The illumination of the developing brain: Using MRI signal intensity contrasts to probe microstructural brain maturation, and associations with psychopathology and cognition
Appears in the following Collection
- Psykologisk institutt 
AbstractChildhood and adolescence captures a remarkable period of change, and is the central period for major reorganization and optimization of the cerebral cortex. This maturation is mirrored by major cognitive improvements within the youth period. At a neurobiological level, several genetic regional and age specific processes are at work, in dynamic interplay with the environment. It is therefore understood that certain genetic and environmental risk factors could cause developmental processes to go awry, thereby fostering mental health issues, of which childhood and adolescence is a particular sensitive period. Intracortial myelination is one such candidate process. In youth, increasing levels of myelin induce what appears as “brain illumination”, or an increase in the intensity of T1 weighted magnetic resonance image. There are newer microstructural MRI measures that are based on this intensity variation, but unfortunately there is a near a complete lack of highly powered developmental studies that employ these measures. The current thesis is an exploration of typical cerebral cortical development, through the intensity contrast measures grey/white contrast (GWC) and T1w/T2w ratio. The relationship between these cortical patterns and cognitive abilities is also central for the current thesis, as well as using these patterns as a standard, in the search for spatiotemporal patterns associated with emerging psychopathology. This exploration was done within large typically developing- and population based youth samples including very young children. Moreover, the current thesis uses, for the first time, data-driven GWC decomposition, and multimodal morphometric and GWC fusion, in addition to the more conventional vertex-wise assessments of T1w/T2w ratio. By integrating three papers, the current thesis will present and discuss three main findings. For the first time it will be presented that in development, higher age is associated with globally lower GWC. A specific regional bi-directional associations will also be presented, that beyond the global finding, possibly reflect protracted and accelerated development, which in sum indeed spatiotemporally converges with the protracted process of intracortical myelination. Using a larger developmental sample with a lower age range, co-authors of the paper II and I, also replicate prior reports of almost globally higher T1w/T2w ratio with higher age, now covering a larger portion of the cortex. We also report a negative association between T1w/T2w ratio and cognitive abilities, which could possibly indicate that excess levels of intracortical myelin beyond a certain developmental norm is disadvantageous. The current thesis will also present and discuss the findings that clinical components capturing anxiety and prodromal psychosis are associated with highly overlapping regional GWC. While performing research for the current thesis, I encountered several methodological challenges that will be thoroughly highlighted. Including studying development with a cross sectional design, MRI acquisition and analytical youth-related issues, and the close relationship with the developmental age range and cognitive abilities. Other central challenges included interpreting the GWC and T1w/T2w ratio results in a biologically meaningful way. The current thesis conclude that GWC and T1w/T2w ratio shows a biologically relevant signal that is sensitive to individual differences in age-, cognitive abilities- and levels of symptoms of psychopathology. Future highly powered longitudinal studies are needed to replicate the findings within the current thesis, and studies are also urgently needed to give a better understanding of the biological underpinnings of intensity contrast measures as they are currently highly debated.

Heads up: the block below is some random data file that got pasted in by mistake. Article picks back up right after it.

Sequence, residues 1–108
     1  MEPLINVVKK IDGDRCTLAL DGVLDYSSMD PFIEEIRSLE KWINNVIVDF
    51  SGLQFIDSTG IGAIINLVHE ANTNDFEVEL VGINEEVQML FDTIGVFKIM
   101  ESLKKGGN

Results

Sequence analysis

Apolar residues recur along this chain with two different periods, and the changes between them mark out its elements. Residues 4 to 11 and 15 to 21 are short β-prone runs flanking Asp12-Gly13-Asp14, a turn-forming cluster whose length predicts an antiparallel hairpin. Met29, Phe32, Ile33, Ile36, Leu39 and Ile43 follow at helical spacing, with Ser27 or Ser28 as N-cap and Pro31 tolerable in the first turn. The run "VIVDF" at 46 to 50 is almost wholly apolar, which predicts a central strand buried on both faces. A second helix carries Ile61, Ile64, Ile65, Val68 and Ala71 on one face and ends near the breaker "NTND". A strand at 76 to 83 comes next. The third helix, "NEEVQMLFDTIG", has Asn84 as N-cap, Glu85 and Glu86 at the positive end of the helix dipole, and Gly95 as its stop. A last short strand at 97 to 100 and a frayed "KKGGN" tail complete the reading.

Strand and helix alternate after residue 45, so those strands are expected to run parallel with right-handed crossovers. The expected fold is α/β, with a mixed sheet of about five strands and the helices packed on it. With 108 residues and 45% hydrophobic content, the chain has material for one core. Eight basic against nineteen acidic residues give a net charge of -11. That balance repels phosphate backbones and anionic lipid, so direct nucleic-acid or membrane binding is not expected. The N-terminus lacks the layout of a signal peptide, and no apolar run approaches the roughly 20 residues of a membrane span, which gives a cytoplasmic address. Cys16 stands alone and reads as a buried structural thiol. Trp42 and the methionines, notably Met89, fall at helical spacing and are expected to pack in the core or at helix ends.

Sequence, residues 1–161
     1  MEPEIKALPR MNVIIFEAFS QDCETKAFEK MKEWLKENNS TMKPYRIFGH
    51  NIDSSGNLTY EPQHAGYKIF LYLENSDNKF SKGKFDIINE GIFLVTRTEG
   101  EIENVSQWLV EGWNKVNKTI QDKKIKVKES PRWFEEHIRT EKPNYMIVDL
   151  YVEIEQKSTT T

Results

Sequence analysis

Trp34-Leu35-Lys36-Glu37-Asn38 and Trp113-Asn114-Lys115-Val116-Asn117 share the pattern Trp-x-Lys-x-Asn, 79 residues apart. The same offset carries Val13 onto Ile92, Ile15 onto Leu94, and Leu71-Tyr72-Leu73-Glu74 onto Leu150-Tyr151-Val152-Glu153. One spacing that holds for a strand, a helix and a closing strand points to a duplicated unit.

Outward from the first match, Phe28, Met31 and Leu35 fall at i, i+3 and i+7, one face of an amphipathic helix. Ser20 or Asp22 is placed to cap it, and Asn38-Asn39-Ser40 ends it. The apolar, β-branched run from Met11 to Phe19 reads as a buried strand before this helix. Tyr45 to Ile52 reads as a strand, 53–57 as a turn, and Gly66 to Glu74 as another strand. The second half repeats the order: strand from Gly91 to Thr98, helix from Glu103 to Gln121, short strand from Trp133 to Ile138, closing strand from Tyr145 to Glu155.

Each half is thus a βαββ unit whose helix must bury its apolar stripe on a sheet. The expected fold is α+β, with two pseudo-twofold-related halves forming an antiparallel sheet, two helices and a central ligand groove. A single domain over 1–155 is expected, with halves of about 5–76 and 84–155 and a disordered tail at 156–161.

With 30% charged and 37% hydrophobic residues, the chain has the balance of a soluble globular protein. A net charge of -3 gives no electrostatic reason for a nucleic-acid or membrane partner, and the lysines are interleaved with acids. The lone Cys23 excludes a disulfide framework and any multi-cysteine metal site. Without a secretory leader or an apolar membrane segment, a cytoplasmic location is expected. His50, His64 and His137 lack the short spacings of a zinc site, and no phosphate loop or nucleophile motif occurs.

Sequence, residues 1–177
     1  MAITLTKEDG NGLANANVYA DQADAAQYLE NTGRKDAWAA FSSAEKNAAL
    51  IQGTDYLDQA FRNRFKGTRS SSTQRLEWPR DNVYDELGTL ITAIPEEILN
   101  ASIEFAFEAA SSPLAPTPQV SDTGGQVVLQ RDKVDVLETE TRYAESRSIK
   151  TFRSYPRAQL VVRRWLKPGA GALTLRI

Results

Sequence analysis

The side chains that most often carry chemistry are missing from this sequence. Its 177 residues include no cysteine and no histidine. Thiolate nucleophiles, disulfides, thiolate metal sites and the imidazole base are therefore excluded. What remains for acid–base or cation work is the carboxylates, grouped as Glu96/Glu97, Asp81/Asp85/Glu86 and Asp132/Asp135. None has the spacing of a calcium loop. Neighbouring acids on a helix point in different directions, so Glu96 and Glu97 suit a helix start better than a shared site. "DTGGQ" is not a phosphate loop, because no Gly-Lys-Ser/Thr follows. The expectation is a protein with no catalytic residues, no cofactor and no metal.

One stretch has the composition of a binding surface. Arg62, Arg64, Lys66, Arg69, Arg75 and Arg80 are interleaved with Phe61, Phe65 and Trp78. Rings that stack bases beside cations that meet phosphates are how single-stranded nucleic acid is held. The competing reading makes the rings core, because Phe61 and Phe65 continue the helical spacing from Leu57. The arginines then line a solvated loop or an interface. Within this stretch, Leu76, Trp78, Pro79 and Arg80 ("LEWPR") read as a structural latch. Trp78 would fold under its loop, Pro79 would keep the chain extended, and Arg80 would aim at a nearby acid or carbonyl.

List of papers
|Paper I: Norbom, L. B., Doan, N. T., Alnaes, D., Kaufmann, T., Moberget, T., Rokicki, J., Andreassen, O. A., Westlye, L.T., Tamnes, C. K. (2019). Probing Brain Developmental Patterns of Myelination and Associations With Psychopathology in Youths Using Gray/White Matter Contrast. Biological Psychiatry, 85(5), 389-398. doi:10.1016/j.biopsych.2018.09.027. The article is not available in DUO due to publisher restrictions. The published version is available at: https://doi.org/10.1016/j.biopsych.2018.09.027|
|Paper II: Norbom, L. B., Rokicki, J., Alnæs, D., Kaufmann, T., Doan, N. T., Andreassen, O. A., Westlye, L.T., Tamnes, C. K. (under review). Maturation of Cortical Microstructure and Cognitive Development in Childhood and Adolescence: a T1w/T2w ratio MRI Study. Preprint: bioRxiv 681221. doi:10.1101/681221. To be published. The paper is not available in DUO awaiting publishing.|
|Paper III: Norbom, L. B., Rokicki, J., van der Meer, D., Alnæs, D., Doan, N. T., Moberget, T., Kaufmann, T., Andreassen, O. A., Westlye, L.T., Tamnes, C. K. (in preparation). Testing Relations of Multimodal Neuroimaging Measures and Polygenic Scores of Neuroticism in 2621 Children and Adolescents. To be published. The paper is not available in DUO awaiting publishing.|